The major changes in US society that unleashed the forces, which result in the self-centered and irresponsible student behavior that I have identified, may prove more durable than my feeble attempt to quantify it away. If so, the development does not represent a step forward for the university or for society.


This essay also appeared in The Intellectual Conservative

Who Controls the Campus Agenda: The Faculty or Campus Administrators?

Faculty believe that it is their right and duty to set the campus agenda. Faculty expect to establish – either directly or indirectly – the main thrusts that their campuses will pursue. In particular, they see it as their prerogative to determine:
  •  the standards by which students – both graduate and undergraduate – will be admitted to campus;
  •  the research agenda of the various departments, institutes and colleges into which the faculty organize themselves;
  • which academic programs will be emphasized and which left to wither;
  • who their administrative leaders shall be – from program directors and research institute heads up to chairs, deans, provosts and presidents;
  • the academic and professional criteria according to which promotions are decided, grants are pursued, prizes are awarded,
    appointments are made and support staff are hired;
  • the extra-curricular menu of their campus – e.g., who shall receive official campus invitations to speak, what corporate
    collaborations to seek, which donors to cultivate, even what campus clubs shall receive official sanction.

Historically, the faculty actually did enjoy the capability to do all of these things. This was in part because it was viewed as the natural way to run a university, and in part because there were no countervailing forces to prevent it. The administrative layers that accompanied and facilitated faculty control of campuses were fairly thin. That is, the percentage of professional, full-time campus administrators was small compared to that of the faculty. Furthermore, many of them were drawn from the ranks of the faculty (to which they returned after relatively brief stints in campus administration) and so although these faculty functioned as administrators, they still thought of themselves as faculty and deported themselves accordingly.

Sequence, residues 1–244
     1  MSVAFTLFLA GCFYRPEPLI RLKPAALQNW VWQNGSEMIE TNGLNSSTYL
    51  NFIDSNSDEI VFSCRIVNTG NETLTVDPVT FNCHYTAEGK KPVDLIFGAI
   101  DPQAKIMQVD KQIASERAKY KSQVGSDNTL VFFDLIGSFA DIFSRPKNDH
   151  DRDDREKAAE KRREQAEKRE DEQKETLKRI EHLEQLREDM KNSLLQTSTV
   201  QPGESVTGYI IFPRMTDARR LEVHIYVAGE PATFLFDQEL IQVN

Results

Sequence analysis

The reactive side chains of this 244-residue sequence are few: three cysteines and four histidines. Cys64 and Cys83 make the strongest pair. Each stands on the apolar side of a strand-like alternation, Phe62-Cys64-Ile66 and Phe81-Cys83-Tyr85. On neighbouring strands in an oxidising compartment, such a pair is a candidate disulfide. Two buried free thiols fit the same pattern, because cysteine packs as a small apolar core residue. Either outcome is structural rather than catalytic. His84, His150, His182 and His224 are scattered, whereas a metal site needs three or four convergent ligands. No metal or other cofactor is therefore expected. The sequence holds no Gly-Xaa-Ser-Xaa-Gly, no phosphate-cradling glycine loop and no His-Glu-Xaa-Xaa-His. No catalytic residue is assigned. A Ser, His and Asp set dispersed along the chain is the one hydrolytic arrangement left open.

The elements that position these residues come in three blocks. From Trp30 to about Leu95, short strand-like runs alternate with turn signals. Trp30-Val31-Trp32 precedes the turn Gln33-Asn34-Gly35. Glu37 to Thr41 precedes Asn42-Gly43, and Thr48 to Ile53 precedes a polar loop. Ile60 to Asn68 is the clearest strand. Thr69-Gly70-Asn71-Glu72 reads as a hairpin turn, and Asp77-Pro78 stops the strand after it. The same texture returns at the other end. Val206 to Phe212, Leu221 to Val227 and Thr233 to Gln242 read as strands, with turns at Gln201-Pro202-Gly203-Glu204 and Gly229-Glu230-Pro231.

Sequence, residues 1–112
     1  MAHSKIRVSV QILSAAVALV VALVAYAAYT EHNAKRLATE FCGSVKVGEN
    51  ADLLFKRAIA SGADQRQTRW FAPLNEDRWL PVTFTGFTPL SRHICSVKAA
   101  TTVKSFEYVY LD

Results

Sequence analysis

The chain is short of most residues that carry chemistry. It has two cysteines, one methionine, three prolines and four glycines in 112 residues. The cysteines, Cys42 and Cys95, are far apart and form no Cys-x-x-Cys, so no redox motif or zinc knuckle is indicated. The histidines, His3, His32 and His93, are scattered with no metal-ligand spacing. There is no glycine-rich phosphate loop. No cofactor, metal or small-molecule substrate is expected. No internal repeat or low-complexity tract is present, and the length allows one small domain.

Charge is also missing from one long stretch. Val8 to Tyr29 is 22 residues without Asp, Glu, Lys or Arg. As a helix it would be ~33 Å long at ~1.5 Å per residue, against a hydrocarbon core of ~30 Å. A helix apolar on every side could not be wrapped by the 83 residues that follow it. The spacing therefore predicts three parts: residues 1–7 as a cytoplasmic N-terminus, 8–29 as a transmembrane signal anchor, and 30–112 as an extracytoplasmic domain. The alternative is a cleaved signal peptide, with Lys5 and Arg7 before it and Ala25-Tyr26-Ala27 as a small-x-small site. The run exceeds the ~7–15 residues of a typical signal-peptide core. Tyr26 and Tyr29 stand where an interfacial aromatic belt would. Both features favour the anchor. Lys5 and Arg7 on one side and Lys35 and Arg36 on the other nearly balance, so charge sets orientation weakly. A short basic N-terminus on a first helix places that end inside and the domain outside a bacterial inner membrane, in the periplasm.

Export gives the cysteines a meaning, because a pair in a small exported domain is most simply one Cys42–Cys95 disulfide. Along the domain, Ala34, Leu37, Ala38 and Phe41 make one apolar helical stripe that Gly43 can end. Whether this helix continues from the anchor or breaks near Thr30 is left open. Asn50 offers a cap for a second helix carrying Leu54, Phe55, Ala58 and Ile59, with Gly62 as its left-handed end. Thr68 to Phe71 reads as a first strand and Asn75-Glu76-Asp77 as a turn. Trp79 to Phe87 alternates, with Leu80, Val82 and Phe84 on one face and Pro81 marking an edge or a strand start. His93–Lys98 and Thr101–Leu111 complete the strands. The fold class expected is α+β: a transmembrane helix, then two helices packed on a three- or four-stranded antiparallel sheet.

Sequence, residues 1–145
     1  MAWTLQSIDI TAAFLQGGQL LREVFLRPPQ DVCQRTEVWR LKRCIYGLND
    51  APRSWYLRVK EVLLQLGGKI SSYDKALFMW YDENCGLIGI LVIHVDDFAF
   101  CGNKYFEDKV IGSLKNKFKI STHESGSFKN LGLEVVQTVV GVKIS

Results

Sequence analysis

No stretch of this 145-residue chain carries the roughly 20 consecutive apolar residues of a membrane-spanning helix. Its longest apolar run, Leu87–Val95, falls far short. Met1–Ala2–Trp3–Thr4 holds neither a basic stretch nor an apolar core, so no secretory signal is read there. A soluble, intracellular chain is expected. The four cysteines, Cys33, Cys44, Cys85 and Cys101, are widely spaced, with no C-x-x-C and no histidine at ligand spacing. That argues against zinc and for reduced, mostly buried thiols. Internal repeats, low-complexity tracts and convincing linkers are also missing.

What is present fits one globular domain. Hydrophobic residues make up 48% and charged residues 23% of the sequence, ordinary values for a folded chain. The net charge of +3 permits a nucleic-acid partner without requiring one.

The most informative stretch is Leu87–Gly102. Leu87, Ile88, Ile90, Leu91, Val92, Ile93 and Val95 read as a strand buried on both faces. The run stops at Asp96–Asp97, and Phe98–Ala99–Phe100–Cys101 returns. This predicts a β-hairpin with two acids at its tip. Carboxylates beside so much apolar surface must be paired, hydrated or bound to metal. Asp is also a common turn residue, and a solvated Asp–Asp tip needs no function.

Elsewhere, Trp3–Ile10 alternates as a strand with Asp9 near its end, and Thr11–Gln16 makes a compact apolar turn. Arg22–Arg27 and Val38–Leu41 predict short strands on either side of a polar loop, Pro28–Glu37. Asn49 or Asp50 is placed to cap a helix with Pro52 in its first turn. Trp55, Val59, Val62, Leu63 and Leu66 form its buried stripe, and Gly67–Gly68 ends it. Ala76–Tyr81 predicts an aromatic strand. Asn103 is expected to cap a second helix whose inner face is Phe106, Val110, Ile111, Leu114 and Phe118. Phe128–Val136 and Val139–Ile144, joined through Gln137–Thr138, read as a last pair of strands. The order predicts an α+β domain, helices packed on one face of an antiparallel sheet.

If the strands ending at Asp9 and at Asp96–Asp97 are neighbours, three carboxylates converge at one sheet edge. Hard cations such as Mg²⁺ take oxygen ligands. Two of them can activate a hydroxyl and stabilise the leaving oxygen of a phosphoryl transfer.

All of this has changed dramatically over the last 50 years. The number of campus administrators has exploded. Instead of a single dean of an all-encompassing college of arts and sciences, we see a host of deans spearheading numerous units into which the large college has been split. These deans enjoy the support of a gaggle of assistant and associate deans, dragging in tow scores more chairs, heads and directors. This is accompanied by a proliferation of new academic units on campus – e.g., Urban Studies, Gay and Lesbian Studies and countless other ‘Studies’ departments representing ‘compelling’ fields of academic study that we didn’t know existed in mid-twentieth century. These bogus departments are augmented by a slew of ‘indispensable’ administrative support units and positions — especially at the central campus level – all of which has resulted in an explosion of assistants, staff and advisors. The academic pedigree of these lower and mid-level administrators is notoriously weak. They – and, unfortunately too often, their senior level bosses – are not culled from the ranks of the tenured faculty. Finally, the money has followed the growth in size. The salaries of all this new campus uman infrastructure are high – in some cases bordering on the obscene.

The net effect is that while faculty are often under the mistaken impression that they continue to perform the duties outlined in the opening bulleted list, they in fact do not. Increasingly, the setting of academic priorities, the discharge of academic responsibilities and the establishment of the overall academic agenda is under the control of a vast, over-centralized bureaucracy of campus administrators – whose allegiance is often not to objective faculty goals but rather to narrow political agendas.

How did this come about and what are, and will be, the consequences? Here are the means by which this fundamental transformation of American academia has come about:

Societal. The movement toward centralized administrative control of academia mirrors similar trends in other facets of American society. The most obvious is the gargantuan growth in power and scope of the federal government. Americans seem to be losing faith in their society’s ability to solve its problems at the local, community or family level and, over the last 50 years, have been turning increasingly to a powerful, omnipresent, central government to manage the people’s most intimate affairs. Similar trends toward centralization of power can be observed in American corporate life, health care and the media. It’s not surprising, therefore, that a similar movement occurred in higher education. Incidentally, the same phenomenon is prevalent in K-12 education as well.
Specialization. The trend toward specialization in science, technology, even in the humanities has been well documented. The result has been the growth of little fiefdoms all over campus. In order to avoid Balkanization, all of these separate domains have been brought under the control of the all-powerful center.
Universal Higher Education. The American people have come to favor the idea of universal higher education – everyone should go to college and get a degree. It is self-evident how the movement to mass higher education has abetted the dramatic expansion of academic ‘choices’ on campus and the proliferation of specious academic programs – together with the personnel to administer them.
Money. Society has been throwing money at higher education at dizzying rates (large government and corporate grants, rapid and substantial rises in tuition and fees, generous federal and state subsidies, lavish endowments). Well, money always means